Another piece of "circumstantial evidence" for this is the seemingly immense popularity of "calendar integration". Although not totally useless for anyone, not even for the most "date-averse ultra-GTD purist" (or myself), its usefulness obviously increases dramatically with the amount of "soft scheduling" that the user does. The more a person uses soft scheduling (time planning) rather than dynamic GTD criteria (context, energy etc) the more useful calendar visualization becomes.

                        I forgot about Zendone. They have actually implemented something that allows users to have as many Next actions as he/she wants, while hiding the rest within the project. Their implementation is perhaps a bit clunky to use, but it does come straight out-of-the-box, without any need for inventing your own workarounds for this very fundamental GTD distinction.
                        Last edited by Folke; 09-29-2013, 06:37 AM.

                        Comment


                        • #13
                          Originally posted by Folke View Post
                          ....In a true GTD app you would need, as a minimum, to have some simple mechanism where you select for each task whether it is "show or hide" (or active or inactive; or current or subsequent; or however people might prefer to call it). This has been 100% missed everywhere that I have looked....
                          I've always operated with this principle: A project task with no context is "inactive". Assigning a context IS the simple mechanism to mark it active. FWIW, I've always used @waiting as a context, since most @waiting's start life as some other context... it is a simple matter of changing the context. If a software package can't do this I look elsewhere. Which, I just realized, means I've never used software that could be called "a true GTD app". YMMV.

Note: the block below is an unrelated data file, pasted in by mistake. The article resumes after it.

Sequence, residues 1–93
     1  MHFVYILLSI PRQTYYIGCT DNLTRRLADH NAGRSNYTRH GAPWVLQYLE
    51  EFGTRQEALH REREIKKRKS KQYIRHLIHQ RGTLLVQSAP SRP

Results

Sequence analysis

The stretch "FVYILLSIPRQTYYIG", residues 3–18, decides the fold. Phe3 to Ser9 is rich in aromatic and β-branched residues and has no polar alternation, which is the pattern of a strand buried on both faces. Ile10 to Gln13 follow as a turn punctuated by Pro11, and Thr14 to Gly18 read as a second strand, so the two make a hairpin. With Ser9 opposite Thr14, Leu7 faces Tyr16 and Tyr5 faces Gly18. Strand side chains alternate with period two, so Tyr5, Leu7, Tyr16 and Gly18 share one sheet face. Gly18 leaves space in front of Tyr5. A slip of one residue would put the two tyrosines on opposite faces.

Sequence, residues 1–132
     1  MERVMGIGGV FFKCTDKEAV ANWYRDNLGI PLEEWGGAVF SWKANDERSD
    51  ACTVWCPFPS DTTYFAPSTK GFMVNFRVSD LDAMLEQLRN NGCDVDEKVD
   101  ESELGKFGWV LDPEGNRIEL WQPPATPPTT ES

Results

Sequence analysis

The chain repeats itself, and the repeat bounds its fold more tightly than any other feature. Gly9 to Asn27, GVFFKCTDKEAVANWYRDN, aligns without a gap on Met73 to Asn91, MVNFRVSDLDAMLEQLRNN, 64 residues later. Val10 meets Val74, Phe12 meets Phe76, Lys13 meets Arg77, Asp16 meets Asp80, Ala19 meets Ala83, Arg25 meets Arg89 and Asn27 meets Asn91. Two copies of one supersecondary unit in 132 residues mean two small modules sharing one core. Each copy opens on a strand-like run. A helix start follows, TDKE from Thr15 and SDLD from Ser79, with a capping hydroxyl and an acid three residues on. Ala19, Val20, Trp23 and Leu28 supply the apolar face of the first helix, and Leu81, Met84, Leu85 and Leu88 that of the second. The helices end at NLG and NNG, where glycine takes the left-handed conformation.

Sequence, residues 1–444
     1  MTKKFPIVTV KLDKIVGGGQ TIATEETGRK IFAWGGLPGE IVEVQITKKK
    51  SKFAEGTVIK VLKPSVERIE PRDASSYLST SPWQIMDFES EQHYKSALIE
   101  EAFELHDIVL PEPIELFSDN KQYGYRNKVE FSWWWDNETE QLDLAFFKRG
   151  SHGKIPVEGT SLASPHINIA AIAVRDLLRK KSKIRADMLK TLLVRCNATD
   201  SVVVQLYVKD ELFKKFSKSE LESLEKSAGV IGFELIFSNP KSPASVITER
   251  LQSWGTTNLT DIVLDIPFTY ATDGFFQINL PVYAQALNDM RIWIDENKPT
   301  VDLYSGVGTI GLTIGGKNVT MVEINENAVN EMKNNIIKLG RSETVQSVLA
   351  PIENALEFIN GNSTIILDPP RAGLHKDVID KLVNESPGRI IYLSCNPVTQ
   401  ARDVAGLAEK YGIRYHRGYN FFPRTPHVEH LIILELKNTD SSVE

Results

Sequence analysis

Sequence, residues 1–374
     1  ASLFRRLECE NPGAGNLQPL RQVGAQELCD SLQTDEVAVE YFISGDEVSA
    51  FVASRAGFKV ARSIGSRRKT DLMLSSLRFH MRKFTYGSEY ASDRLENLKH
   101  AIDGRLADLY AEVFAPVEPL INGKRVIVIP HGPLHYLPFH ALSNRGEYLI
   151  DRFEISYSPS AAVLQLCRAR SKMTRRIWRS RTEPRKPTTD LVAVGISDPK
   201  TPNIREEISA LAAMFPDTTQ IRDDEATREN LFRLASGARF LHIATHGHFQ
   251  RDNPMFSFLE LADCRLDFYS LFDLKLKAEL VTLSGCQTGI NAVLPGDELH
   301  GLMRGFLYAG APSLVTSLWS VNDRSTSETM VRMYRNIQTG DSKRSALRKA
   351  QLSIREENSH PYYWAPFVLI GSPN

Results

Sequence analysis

Comment


                          • #14
                            Originally posted by notmuch View Post
                            A project task with no context is "inactive".
                            Interesting thought. But wouldn't that mean, or am I misunderstanding something, that you would have to "artificially" hold on with your context assignations until such time that the task is to become "active"? (It is nice to be able to offload all such facts that you may have about the task already from the outset.)

                            Originally posted by notmuch View Post
                            I've never used software that could be called "a true GTD app".
                            I have exactly the same experience.

                            Comment


                            • #15
                              Originally posted by Folke View Post
                              I like Nirvana's simplicity, but even Nirvana has its shortcomings. Some of these are where they have made things unnecessarily overcomplicated, from my perspective, and thereby have also limited the versatility of the product.
                              Hi Folke,

                              This was one of the reasons I never went with Nirvana after moving away from Toodledo. It was just too complicated. I appreciated that they were trying to be "pure GTD" but I just don't think that this is possible or worthwhile - it ends up shoe-horning users into a specific way of doing things.

                              I've found that using a relatively simple list manager works best for me. The more complexity there is, the more time I spend trying to get my data tweaked to fit the pre-defined model.

                              That said, you might need this kind of complexity, and from what you've described I'd suggest you check out some of the more fully-fledged project management systems in the cloud. These apps will let you define projects with a lot of granularity and linkages.